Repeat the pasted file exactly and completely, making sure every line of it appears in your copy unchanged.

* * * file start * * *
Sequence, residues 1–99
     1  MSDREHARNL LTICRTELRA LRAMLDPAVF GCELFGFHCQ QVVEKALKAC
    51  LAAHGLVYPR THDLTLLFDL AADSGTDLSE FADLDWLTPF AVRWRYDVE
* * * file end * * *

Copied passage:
Sequence, residues 1–99
     1  MSDREHARNL LTICRTELRA LRAMLDPAVF GCELFGFHCQ QVVEKALKAC
    51  LAAHGLVYPR THDLTLLFDL AADSGTDLSE FADLDWLTPF AVRWRYDVE